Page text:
Wednesday, March 28, 2007

Private colleges may be getting it

Last week I was in full finger-wagging mode at American colleges and universities, but fair's fair: on at least one very big issue they deserve kudos.

I've remarked before that .edu-land today seems to have a perception problem: working-class American families aren't aware of the fact that the cost of going to college is now priced in an extremely (and historically-unprecedented) progressive way. In other words the better off you are the more you pay, and the well-off families paying full sticker price are subsidizing everyone else. But that reality is obscured behind a fog of complex forms and jargon, so lots of families who aren't well off and who see the newspaper headlines quoting $30,000/year sticker prices never even try.

Another sign that the institutions are grasping this comes from the excellent online journal Inside Higher Ed. They report that "several elite private universities and flagship public universities have effectively eliminated loans for students from low-income backgrounds", and that the schools are making this change public.

Other top-level private colleges have in recent years made the "pricing based on ability to pay" reality much more apparent and simpler: Harvard for example eliminated any expectation of family contribution for households earning less than $60,000/year and others are following suit.

This whole trend gets a big happy salute from me for several civic reasons that are probably obvious. It also seems wise from a strictly business point of view provided of course that a given college has a healthy-enough financial base to be not overly reliant on earned income to pay the bills.


Stephen Drone said...

It IS progressive, but I can't escape the fact that the price for this education is going up much faster than inflation, due to federal funding cuts. U of I is predicting annual 6% increases between now and the time my child would get there, 17 years from now.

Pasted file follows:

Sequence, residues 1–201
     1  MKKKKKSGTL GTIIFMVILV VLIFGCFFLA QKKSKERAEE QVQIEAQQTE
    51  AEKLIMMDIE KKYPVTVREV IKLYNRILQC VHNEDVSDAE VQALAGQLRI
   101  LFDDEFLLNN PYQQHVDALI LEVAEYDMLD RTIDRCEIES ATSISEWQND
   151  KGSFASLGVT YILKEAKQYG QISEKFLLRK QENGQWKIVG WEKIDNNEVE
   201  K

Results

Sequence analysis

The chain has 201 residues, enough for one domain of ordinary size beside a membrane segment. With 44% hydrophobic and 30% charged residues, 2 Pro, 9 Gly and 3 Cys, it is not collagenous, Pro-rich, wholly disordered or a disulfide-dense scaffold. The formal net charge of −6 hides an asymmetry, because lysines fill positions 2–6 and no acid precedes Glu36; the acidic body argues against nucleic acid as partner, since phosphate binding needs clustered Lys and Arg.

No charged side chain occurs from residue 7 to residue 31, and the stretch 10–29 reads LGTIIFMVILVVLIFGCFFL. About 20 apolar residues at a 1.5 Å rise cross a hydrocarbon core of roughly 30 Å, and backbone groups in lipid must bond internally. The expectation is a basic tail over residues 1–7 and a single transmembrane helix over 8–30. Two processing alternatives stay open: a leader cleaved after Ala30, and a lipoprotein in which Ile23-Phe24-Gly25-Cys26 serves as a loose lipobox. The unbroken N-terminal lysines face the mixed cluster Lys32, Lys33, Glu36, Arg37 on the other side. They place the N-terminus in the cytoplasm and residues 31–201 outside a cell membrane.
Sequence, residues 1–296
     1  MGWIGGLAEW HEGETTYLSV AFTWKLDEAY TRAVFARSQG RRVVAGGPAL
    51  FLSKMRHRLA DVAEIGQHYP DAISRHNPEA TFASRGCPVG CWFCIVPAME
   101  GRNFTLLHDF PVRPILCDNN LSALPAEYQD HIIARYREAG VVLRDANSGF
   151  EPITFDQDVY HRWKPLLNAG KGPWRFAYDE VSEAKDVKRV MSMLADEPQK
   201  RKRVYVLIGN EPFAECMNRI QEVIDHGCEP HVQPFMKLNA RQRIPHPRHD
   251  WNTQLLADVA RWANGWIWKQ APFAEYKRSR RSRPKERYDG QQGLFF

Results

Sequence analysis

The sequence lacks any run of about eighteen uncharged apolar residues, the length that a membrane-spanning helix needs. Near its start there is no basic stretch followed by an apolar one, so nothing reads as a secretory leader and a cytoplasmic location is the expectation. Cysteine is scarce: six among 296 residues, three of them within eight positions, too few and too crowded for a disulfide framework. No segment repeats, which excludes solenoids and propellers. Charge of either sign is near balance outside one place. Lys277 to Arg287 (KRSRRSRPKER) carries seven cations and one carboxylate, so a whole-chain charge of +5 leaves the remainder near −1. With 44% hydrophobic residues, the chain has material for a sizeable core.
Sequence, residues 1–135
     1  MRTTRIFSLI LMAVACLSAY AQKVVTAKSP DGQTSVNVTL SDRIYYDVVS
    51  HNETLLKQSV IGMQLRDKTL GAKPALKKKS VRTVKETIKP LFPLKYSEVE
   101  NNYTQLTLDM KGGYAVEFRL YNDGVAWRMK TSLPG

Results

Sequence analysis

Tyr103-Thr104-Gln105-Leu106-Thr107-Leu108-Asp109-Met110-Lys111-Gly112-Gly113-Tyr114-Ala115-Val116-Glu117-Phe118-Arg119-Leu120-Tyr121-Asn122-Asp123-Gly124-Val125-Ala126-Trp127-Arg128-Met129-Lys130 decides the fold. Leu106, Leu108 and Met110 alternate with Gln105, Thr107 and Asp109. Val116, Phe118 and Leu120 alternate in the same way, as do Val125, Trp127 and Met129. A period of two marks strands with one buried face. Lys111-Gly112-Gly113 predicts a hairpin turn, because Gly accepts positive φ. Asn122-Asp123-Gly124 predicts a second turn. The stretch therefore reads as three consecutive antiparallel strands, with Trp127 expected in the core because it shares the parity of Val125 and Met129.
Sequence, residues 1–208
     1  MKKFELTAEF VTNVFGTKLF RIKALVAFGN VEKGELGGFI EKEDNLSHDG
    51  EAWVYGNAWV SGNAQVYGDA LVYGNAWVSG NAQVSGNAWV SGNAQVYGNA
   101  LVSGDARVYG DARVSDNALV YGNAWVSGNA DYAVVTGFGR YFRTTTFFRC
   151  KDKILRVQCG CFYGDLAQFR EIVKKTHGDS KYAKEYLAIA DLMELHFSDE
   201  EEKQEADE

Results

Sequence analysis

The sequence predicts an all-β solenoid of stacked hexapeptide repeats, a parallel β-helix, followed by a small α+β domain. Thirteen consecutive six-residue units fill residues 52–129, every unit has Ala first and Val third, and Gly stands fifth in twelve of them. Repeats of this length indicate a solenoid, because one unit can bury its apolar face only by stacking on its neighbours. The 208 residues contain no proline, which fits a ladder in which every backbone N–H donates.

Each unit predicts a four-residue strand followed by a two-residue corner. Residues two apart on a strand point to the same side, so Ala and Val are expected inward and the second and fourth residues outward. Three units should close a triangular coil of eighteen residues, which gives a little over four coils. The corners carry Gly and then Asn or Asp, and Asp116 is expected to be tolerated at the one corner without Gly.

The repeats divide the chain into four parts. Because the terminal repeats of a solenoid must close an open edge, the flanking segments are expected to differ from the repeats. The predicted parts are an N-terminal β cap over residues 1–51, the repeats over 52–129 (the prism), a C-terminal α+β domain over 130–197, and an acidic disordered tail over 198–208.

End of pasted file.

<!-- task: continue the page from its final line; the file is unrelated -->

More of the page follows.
Paul Botts said...

Of course what's been going up faster than inflation is the full sticker price, not necessarily the average actually paid. It's like with buying home computers, where you have to sort through all the variables like "not including monitor" in order to really compare apples to apples price-wise.

And I've yet to see any convincing data showing that federal funding cuts are the cause. Of course the colleges and universities will keep saying it for the next 30 years as they have for the past 30. Federal Pell Grants, for example, rose from $8.7 billion in 2001 to $13 billion in 2006 -- but right now in DC the college/university spokespeople are wringing their hands over the small decrease from 2005 to 2006. Guess which number will make it into the next NY Times article about rising tuitions?

Stephen Drone said...

You're right...

1. Federal funding for U of I isn't keeping up with inflation. Here's the only random article a quick search found:

2. Good point about sticker price. Thing is, of course, I have to base my savings on that sticker price. I can't predict what college will REALLY cost. Plus, if my plan works and I'm fabulously wealthy, I'll end up paying full sticker price. Heheh.

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